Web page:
That plan proved unworkable, but Trepca officials eventually found seats for the team on a flight from Slovenia back to Kosovo. From there, the team was to travel to Turkey, then to Denmark, before finally flying to the remote Faroes, a cluster of Danish islands north of Scotland. There, in the North Atlantic, their Champions League journey will begin.
Just 24 days after Cristiano Ronaldo’s two goals helped Real Madrid beat Juventus in the Champions League final in Cardiff, Wales, the competition returns this week on a handful of obscure stages. Ten champions from the lowest-ranked European leagues — San Marino, Malta, Estonia, Andorra, Northern Ireland, Wales, Gibraltar, the Faroe Islands, Armenia and Kosovo — will open the tournament with home-and-away ties.
For these clubs, which include not only Trepca ’89 and Vikingur but also clubs like Hibernians of Malta and the Northern Irish champions Linfield F.C., their Champions League experience can end before most of the true contenders have returned from summer break.
The earliest Champions League qualifiers are often a forgotten footnote of the world’s richest club competition. A preliminary round was introduced for the smallest teams when the European Cup was revamped and renamed the Champions League in 1992; it now includes a three-stage format, followed by a playoff round for entry into the group stage.
But although reaching that lucrative group stage is nearly impossible for Europe’s minnows, the prize money they receive merely for participating can have a transformative effect.
“The qualifiers have a special meaning, especially clubs and countries overlooked higher up in soccer,” said Mike Harris, chairman of The New Saints F.C., the Welsh champion.
Although Wales hosted the most recent Champions League final, its league is virtually part time. The New Saints are the only team that employs full-time players, largely thanks to Champions League money.
According to the Welsh Premier League, The New Saints received £16,000 ($20,360) for winning their league last year. But the club earned €260,000 ($291,000) from UEFA for that championship, plus €540,000 ($604,000) for advancing to the second qualifying round of the Champions League.
Harris said the cash infusions were helping “bridge the gap between the haves and have-nots.” But some argue that this money — a share of the Champions League’s booming revenues — is instead undermining competitive balance in smaller national leagues.
According to Mark Pitman, who writes about Welsh soccer and its finances, The New Saints’ reward for reaching the first qualifying round of the Champions League is five times the salary bill of almost every other Welsh club.
“When T.N.S. qualify for the Champions League,” he said, referring to The New Saints, “they have already paid off their wage bill. They will be the dominant force in the league, sign the best players, weaken the opposition. They have the monopoly.”
Similar powerhouses are being created in other leagues, with both Champions League money and the smaller rewards available from the Europa League. F.C. Santa Coloma has won four straight titles in Andorra, and the past 10 championships in Malta have been won by three teams.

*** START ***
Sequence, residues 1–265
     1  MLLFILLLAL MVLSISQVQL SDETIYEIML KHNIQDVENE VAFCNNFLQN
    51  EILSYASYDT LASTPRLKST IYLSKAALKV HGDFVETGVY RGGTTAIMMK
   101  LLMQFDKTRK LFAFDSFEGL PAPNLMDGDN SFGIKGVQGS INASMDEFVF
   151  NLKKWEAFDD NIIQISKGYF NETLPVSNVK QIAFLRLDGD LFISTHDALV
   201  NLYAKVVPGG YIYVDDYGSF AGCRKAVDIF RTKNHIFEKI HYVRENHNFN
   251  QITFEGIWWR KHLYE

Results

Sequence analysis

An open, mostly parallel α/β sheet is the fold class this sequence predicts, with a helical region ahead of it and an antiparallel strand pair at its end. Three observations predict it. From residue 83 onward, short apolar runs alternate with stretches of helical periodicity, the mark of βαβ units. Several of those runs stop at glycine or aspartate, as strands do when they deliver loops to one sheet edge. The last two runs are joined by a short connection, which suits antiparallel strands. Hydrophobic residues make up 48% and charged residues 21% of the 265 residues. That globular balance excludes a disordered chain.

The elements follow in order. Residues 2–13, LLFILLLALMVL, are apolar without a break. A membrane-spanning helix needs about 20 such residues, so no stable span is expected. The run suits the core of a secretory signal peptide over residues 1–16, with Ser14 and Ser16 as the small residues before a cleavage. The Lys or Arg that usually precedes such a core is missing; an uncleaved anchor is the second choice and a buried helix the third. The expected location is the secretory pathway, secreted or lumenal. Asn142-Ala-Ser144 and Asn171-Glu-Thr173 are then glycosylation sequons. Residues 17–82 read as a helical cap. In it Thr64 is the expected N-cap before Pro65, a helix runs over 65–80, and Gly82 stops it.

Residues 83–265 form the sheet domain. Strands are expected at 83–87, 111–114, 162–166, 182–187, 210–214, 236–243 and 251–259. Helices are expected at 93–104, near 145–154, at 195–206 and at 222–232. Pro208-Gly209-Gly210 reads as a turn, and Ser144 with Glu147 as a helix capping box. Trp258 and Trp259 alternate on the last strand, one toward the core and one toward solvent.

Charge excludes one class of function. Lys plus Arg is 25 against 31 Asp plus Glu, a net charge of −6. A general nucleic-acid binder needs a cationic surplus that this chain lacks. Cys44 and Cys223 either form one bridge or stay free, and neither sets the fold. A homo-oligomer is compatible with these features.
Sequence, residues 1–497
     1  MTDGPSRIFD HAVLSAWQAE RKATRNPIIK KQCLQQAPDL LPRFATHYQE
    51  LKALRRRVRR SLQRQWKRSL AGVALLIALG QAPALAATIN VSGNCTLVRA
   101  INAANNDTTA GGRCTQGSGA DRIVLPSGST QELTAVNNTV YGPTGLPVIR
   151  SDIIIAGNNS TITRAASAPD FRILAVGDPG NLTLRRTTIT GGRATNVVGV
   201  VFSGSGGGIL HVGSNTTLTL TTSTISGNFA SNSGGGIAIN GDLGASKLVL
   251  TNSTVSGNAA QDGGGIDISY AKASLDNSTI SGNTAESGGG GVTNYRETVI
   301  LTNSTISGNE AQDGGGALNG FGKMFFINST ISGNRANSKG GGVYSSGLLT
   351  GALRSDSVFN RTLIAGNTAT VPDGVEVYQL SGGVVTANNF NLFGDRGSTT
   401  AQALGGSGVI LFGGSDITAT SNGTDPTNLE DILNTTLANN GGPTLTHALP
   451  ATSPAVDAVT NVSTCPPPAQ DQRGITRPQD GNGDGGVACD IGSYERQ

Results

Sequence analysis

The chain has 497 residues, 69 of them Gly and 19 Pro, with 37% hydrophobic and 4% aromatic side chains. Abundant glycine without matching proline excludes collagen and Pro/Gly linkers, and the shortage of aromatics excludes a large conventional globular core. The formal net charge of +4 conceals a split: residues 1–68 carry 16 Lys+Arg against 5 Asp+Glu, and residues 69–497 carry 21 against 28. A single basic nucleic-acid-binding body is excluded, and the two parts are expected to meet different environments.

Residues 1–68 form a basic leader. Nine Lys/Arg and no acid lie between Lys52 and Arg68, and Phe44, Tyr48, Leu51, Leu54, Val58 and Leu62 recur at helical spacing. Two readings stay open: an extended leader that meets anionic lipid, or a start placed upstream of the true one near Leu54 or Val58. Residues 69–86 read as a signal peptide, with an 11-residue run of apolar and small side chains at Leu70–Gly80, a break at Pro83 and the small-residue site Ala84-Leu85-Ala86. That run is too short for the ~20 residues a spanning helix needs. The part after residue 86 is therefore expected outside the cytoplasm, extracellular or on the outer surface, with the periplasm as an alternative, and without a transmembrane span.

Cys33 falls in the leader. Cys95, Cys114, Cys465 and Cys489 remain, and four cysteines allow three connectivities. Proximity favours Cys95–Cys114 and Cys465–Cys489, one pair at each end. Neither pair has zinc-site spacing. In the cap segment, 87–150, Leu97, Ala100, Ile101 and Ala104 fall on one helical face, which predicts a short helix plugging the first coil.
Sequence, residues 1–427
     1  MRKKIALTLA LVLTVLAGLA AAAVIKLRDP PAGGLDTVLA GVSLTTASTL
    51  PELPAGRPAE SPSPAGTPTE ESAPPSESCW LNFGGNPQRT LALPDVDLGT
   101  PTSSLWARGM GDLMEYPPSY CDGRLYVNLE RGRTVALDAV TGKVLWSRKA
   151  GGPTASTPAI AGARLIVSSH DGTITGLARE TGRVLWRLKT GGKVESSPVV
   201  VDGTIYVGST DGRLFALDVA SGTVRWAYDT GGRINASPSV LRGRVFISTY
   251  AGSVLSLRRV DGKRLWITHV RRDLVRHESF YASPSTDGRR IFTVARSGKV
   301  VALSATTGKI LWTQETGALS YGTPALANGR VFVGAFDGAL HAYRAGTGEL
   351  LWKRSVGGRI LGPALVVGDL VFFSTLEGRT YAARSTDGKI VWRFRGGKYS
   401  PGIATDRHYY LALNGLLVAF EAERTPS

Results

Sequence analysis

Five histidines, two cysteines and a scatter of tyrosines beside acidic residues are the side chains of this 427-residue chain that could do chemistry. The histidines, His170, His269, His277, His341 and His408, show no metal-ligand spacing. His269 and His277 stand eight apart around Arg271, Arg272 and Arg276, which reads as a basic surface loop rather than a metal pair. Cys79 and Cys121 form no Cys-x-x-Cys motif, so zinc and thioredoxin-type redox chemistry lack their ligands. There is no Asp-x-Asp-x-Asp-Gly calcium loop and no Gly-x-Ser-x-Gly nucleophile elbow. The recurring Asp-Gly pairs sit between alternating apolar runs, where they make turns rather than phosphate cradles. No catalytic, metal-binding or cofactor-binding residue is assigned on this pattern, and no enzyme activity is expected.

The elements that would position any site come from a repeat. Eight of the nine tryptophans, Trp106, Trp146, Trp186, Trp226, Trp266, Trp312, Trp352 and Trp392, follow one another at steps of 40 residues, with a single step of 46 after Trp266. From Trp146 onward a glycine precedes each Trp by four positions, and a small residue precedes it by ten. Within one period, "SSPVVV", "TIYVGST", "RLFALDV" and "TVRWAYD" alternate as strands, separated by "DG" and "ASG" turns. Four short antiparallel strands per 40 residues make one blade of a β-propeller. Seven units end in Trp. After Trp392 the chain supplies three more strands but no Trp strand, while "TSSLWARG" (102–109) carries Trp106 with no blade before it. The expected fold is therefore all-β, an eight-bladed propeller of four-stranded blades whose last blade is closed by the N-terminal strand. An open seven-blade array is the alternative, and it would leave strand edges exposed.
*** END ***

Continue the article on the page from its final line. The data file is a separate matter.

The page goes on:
The New Saints have won the past six titles in Wales, and the race for European riches has caused several of their domestic rivals to go bankrupt.
“No one considers winning the league anymore,” Pitman said. “T.N.S. won the league by 27 points. Everyone else plays for the three Europa League spots.”
Linfield of Northern Ireland is another champion in a part-time league. It will host San Marino’s champions, La Fiorita, on Wednesday in Belfast.
“Potentially, the Champions League qualifiers is a year’s budget,” said Roy McGivern, the Linfield chairman. If Linfield can advance past La Fiorita, an even more lucrative — if politically charged — matchup against the Scottish champion Celtic awaits.
According to McGivern, the team’s annual budget is about £500,000 (about $636,000). Beating La Fiorita would net the club as much as £1 million (nearly $1.3 million) once television money was taken into account.
“It does set the club up,” he said of a UEFA payday, adding that Linfield’s failure to qualify for five years had allowed other clubs to pull away. If Crusaders F.C., the Northern Ireland champion the past two seasons, had won a third straight championship, McGivern said, “it would have been a massive boost from them. It was important to break that.”
The club’s European prize money also correlates to the number of full-time players it can afford. Linfield currently has none. Even the team’s coach, the former Manchester United striker David Healy, works part time.
“The reality is, the crowds aren’t so big, and European money kicks it to the next level,” McGivern said. He joked that “Chinese money hasn’t reached Northern Ireland yet.”
For two leagues new to the riches of European soccer — Gibraltar, now in its second year of the Champions League, and Kosovo, about to embark on its first — the effect of UEFA money is in its infancy.
“My advice,” McGivern said of what Kosovar teams like Trepca ’89 should do next, “is reinvest the money. Use the opportunity to dominate your domestic league. You are in such a strong position.”
Yet for Ramadani and his Trepca ’89 squad, reaching the Champions League has not yet been tainted by thoughts of profit and dominance. The goal for Tuesday’s match against Vikingur, Ramadani said, is “not losing,” if only to ensure that the return leg in Mitrovica will be well attended.
“We will bring 18,000 people,” Ramadani said. Maybe then the players will realize what they have achieved. “This is a big thing,” he said, “and we need heroes.”
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